As many of you know I have battled with sea sickness for most of this voyage since moving onto Bob back in February 2016. The prospect of this final year and spending so long at sea has sent worrying chills down my spine. I’ve literally had nightmares that I’m living inside a washing machine only to wake up and find that my nightmare is a close approximation to reality. The good news is that I think I might, finally, be getting over it. We’ve had some bumpy passages since leaving New Zealand. During the first one to Vanuatu I felt the usual pukey twinges, but that was expected after 6 months on land. Since then though, I’ve felt ill only once and that was in the few days coming into Papua New Guinea. We were heading dead downwind in 30 knots with steep swells that made Bob violently roll back and forth through what felt like an angle of well over 90 degrees! Since leaving Papua New Guinea (about 15 sea-days ago) I haven’t felt a single twinge of sea sickness. Not even a little one! Yay, go me! I must admit, I haven’t taken into account that since arriving in Indonesian waters we’ve been blessed with super calm seas and never more than a zephyr. We’ve had just enough wind to keep us sailing, which has kept the seas lovely and flat, and while Alex has been disappointed with our less-than-speedy progress, I’ve actually been enjoying ocean sailing, finally! It only took two and a half years!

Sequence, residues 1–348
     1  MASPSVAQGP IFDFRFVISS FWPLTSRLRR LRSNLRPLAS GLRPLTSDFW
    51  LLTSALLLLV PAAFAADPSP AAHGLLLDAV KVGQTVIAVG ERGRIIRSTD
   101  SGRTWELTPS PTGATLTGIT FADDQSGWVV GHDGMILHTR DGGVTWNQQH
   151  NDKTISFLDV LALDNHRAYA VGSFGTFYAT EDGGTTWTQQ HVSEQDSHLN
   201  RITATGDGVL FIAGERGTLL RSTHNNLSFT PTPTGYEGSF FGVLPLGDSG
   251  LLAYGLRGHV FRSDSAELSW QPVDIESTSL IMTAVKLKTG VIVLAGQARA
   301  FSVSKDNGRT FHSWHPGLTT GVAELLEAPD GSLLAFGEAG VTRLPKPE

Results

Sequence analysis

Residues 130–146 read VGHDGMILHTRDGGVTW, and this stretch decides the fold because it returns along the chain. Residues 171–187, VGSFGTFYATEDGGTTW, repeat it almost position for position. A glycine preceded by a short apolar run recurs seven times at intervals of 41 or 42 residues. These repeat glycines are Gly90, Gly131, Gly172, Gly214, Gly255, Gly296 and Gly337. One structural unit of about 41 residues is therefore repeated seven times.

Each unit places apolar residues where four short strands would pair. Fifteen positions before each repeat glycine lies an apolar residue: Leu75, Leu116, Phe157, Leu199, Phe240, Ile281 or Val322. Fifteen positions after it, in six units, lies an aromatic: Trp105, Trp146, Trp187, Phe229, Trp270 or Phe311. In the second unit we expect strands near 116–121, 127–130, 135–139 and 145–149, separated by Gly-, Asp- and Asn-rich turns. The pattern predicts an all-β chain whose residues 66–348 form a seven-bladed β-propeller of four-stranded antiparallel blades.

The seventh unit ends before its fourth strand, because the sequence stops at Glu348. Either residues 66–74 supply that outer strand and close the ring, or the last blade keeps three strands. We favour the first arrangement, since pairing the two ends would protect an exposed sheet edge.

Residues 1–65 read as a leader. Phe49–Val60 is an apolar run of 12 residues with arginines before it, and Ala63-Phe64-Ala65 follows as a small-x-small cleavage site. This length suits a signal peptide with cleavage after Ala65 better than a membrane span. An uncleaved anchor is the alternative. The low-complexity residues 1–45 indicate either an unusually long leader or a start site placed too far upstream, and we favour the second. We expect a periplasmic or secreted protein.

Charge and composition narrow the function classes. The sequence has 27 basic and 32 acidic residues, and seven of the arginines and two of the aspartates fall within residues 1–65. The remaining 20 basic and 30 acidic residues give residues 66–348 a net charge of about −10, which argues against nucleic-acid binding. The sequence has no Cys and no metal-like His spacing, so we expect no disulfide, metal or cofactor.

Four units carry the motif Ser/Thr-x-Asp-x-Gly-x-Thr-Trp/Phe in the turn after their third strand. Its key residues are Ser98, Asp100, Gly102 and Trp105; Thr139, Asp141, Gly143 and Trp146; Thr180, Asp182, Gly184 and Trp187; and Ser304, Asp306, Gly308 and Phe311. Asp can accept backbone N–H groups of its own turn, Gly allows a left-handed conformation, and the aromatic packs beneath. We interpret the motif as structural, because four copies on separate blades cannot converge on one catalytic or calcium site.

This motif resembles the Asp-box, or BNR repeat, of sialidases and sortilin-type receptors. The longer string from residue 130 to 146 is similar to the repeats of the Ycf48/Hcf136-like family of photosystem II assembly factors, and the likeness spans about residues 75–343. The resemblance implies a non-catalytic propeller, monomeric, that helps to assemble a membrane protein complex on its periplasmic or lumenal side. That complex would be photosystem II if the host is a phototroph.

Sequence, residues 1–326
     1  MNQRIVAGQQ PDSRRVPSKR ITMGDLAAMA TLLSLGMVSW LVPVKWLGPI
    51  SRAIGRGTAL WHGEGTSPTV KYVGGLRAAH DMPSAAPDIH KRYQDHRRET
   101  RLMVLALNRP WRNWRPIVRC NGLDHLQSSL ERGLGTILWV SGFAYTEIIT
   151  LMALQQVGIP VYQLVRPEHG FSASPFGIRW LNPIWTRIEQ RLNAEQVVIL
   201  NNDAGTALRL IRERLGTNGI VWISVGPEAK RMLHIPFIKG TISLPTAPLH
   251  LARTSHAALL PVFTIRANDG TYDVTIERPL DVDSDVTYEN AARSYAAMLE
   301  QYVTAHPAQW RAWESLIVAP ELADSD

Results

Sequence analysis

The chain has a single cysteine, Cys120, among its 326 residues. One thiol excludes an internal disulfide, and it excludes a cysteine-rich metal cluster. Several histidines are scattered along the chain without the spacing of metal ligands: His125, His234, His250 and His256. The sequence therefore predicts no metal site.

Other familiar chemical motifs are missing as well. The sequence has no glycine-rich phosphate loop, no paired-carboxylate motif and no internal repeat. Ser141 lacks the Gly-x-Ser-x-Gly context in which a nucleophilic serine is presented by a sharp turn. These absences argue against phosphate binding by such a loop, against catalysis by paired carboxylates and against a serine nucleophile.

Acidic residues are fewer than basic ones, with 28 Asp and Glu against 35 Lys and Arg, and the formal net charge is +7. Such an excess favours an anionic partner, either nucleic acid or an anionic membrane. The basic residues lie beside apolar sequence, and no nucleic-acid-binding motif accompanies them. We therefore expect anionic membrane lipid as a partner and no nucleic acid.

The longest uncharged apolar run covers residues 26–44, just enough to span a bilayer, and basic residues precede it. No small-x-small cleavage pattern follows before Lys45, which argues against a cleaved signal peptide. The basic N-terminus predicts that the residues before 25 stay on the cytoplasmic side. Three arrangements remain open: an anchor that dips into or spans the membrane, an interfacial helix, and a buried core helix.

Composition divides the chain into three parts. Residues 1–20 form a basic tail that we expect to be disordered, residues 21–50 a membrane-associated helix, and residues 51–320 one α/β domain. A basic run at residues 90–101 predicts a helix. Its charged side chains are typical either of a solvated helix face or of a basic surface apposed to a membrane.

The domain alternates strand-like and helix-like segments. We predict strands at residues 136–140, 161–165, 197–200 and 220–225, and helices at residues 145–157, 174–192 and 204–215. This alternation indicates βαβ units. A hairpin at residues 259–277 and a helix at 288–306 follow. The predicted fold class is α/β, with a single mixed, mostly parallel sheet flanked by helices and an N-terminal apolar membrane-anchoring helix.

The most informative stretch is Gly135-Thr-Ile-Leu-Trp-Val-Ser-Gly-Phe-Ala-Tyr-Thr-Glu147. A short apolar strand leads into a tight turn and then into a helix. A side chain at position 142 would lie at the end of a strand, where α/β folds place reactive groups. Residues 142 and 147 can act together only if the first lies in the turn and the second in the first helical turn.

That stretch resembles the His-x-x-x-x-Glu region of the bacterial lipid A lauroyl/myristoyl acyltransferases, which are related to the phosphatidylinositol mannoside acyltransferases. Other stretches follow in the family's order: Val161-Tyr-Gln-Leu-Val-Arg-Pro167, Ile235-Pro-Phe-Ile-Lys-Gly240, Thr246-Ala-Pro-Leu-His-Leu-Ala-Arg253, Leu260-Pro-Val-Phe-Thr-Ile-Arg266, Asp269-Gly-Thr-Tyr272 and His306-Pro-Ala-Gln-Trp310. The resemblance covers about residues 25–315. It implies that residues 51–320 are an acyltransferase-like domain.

The photos above are a few shots of the sunrise I was enjoying during one of my watches on the sail to Indonesia. I don’t why, but in this part of the world the sunrises and sunsets are some of the most spectacular I’ve ever seen!

In other good news…. the Indonesian authorities let us into their country. Even though the whole procedure took 4 days to finalise, we managed it without any unforeseen problems and without paying too much money in fees or bribes. Checking out in Bali might be a different story, but certainly checking-in in Saumlaki appears to be one of the easier ports for cruisers to complete the immigration formalities.